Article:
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49ers seven-round mock draft: Jerry Jeudy, final answer

This mock’s theme is quality over quantity

NFL Combine - Day 3 Photo by Joe Robbins/Getty Images

Last week, I did a mock draft where all I traded back twice from pick 13 to pick up some much-needed draft capital and add depth. I’m using Pro Football Network’s mock draft simulator this week.

Easy decision

In this simulation, CeeDee Lamb was the first receiver off the board, and the Jets passed on a wide receiver. I needed the Raiders to hold out on taking my guy, and, sure enough, Mike Mayock took Henry Ruggs. I ended up taking Alabama’s Jerry Jeudy, who is a Tier 1 receiver in the draft but is also the “safest” and best fit for the San Francisco 49ers.


Everyone expects the 49ers to move down from pick No. 31. I tried to work the phones with Houston’s “general manager,” but nothing came of that conversation. Instead, I call up my buddy John Elway from the Broncos, knowing he’s coveting one of the top cornerbacks available. I sent the Broncos picks 31, 156, 176, and my seventh-round picks, and a case of Elway’s favorite Bourbon in exchange for picks 46, 83, and 95. Quality over quantity, knowing that I have a Super Bowl roster in place. Not all of those players are going to make the roster anyway.

At 46, I can still go a number of ways. There are good football players available like safety Xavier McKinney from Alabama. There are cornerbacks I could take here like Noah Igbinoghene or even a defensive tackle, but Temple’s Matt Hennessy is too good to pass up here. Everyone thinks Michigan’s Cesar Ruiz is a shoo-in to be the best interior lineman in the draft. I like Hennessy better, especially for the 49ers.

Hennessy can reach landmarks in the running game that very few can. He understands angles and will finish you to the ground. I love his mentality. As a pass protector, Hennessy was great at picking up stunts and didn’t get beat in the games I watched. He’s a stud, and this gives me a great offensive line as Hennessy has experience at guard.

Doubling down on defense in the third

The board fell perfect, as I was hoping a quality defensive lineman fell, and, sure, enough, Missouri’s Jordan Elliott is sitting here at pick No. 83 for me. What I’m looking for in a defensive tackle is someone that can win on third downs and not be a complete liability against the run. Elliott’s PFF numbers look great. Here’s how they stack up against the top two consensus defensive tackles, Derrick Brown and Javon Kinlaw:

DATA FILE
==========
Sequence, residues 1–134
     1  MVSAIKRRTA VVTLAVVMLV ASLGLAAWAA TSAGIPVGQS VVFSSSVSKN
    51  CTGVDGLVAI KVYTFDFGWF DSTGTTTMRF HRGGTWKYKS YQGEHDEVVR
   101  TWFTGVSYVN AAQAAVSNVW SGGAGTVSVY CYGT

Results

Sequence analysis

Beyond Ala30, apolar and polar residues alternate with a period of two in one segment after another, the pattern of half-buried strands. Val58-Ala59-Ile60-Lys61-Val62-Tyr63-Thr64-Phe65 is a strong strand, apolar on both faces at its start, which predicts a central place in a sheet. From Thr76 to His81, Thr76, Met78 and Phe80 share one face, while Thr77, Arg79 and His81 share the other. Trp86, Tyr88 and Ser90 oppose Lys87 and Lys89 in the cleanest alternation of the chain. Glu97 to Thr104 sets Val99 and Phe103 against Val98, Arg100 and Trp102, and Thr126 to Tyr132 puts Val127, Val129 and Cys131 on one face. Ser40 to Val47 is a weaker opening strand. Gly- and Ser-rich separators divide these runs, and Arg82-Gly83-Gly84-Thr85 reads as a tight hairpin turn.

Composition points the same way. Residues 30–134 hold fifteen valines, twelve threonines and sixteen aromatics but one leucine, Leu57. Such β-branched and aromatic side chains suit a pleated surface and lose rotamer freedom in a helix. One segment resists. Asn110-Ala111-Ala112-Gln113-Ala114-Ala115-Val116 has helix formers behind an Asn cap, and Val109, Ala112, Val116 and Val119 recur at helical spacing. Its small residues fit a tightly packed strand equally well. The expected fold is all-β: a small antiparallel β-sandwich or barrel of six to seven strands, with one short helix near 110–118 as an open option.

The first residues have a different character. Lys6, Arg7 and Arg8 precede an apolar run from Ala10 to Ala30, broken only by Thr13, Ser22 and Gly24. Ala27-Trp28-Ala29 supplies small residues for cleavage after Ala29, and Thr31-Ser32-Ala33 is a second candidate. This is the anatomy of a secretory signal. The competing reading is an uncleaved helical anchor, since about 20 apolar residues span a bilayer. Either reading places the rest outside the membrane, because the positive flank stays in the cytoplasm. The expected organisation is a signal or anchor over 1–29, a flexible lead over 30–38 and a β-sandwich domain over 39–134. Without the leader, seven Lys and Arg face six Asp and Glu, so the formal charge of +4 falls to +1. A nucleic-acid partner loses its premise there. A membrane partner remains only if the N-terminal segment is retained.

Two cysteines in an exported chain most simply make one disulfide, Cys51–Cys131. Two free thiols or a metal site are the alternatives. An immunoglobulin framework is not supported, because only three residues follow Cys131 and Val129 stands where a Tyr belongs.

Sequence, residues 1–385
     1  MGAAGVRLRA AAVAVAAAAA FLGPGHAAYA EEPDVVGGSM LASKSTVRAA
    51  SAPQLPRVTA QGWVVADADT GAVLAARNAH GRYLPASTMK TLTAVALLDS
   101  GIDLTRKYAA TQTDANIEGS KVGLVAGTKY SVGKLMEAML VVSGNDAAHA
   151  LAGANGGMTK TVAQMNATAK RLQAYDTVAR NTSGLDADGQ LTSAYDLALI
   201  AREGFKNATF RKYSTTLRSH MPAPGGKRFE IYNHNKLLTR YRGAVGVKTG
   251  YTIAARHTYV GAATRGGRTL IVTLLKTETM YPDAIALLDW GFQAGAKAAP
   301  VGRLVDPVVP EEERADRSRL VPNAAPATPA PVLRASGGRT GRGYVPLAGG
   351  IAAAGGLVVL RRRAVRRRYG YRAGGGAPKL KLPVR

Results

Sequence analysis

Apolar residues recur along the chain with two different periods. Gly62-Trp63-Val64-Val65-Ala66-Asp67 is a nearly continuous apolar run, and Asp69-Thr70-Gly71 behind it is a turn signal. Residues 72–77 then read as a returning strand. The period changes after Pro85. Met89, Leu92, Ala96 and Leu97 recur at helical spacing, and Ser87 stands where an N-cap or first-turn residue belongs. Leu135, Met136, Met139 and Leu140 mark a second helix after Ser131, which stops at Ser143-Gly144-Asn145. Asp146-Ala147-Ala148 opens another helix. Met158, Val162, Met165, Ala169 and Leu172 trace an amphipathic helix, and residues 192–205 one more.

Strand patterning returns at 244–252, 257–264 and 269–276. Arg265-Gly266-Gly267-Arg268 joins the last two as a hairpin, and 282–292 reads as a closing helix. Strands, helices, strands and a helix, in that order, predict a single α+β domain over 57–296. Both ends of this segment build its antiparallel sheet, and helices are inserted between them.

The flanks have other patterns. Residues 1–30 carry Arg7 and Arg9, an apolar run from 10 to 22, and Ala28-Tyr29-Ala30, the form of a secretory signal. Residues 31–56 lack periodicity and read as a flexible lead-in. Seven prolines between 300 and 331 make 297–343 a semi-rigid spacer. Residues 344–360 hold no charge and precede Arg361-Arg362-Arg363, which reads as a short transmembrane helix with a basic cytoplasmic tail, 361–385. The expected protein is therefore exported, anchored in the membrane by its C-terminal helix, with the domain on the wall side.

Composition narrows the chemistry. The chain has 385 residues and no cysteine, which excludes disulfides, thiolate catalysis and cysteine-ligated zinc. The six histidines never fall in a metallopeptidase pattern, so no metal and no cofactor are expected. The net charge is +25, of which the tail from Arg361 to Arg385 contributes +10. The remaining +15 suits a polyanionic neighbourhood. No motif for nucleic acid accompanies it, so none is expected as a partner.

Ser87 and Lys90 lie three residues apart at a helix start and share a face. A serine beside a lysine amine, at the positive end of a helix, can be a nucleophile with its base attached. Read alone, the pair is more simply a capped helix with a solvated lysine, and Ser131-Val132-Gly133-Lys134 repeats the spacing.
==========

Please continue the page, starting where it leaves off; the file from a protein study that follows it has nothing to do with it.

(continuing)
Elliott: pass-rush grade, 91.1. Run-stop grade: 91.1. 3rd down grade: 89.8. pass-rush-win rate: 18.7

Brown, using those same stats: 90.4, 84.7, 85.0, 13.7.

Kinlaw: 90.7, 80.4, 82.0, 18.1.

Elliott was consistent in 2019. He doesn’t have the same physical traits as Kinlaw, but Elliott can be disruptive, and he comes into San Francisco with zero pressure to perform as he’s surrounded by four potential quality starters and a great defensive line coach.

My second third-round pick was easier than picking Jeudy. Mississippi State’s cornerback Cameron Dantzler was available. When the 49ers met with him, here is what I wrote about why 40 times aren’t nearly as important as having proper technique and a competitive edge:

Because you run a fast 40-yard dash does not make you a good cornerback. It means you are fast. The two are not mutual. One of the best athletes in the NFL at cornerback is Ahkello Witherspoon. Spoon ran a 4.45 40, jumped 40.5” in the vertical, and ran a sub-7-second three-cone drill. You have to have a certain mindset to succeed at cornerback. Once Witherspoon started giving up plays, his confidence started wavering. When that happens, superb athletes start to overthink. When you overthink, you start to play slower and second guess yourself. Now your mindset is “I don’t want to get beat in coverage,” and you tense up. That’s why we saw Witherspoon beaten in coverage during the second half of the season. That wasn’t a 4.45 cornerback playing. It was more like a 4.65 with no reaction time.

Dantzler ran faster at his Pro Day, but we know he’s not a 4.3 player. He looked like a 4.5 guy when you watch him, and if we put the pieces of the puzzle together, that’s likely who Dantzler is as a player.

Steal in the sixth

At pick 210, I’m doubling down on cornerback and taking Tulsa’s Reggie Robinson. The 6’1”, 205 pound senior ran a 4.44 40-yard dash and was above the 89th percentile in both the 10-yard split and the broad jump. Ball production transfers from college to the pros and Robinson were in the top-15 for “forced incompletions.” Robinson didn’t play well against two of the better receivers he faced, but at this point in the draft, anybody that makes the roster is a bonus.

What do you think?

I miss out on adding a tackle, tight end, and running back, but I shore up my offensive line for 2020 and am protected better than ever against an injury. We added the best receiver, interior offensive lineman, and one of the top defensive tackles in the draft. Plus, we have building blocks at cornerback moving forward.

13 - WR Jerry Jeudy

46 - IOL Matt Hennessy

83 - DT Jordan Elliott

95 - CB Cameron Dantzler

210 - CB Reggie Robinson


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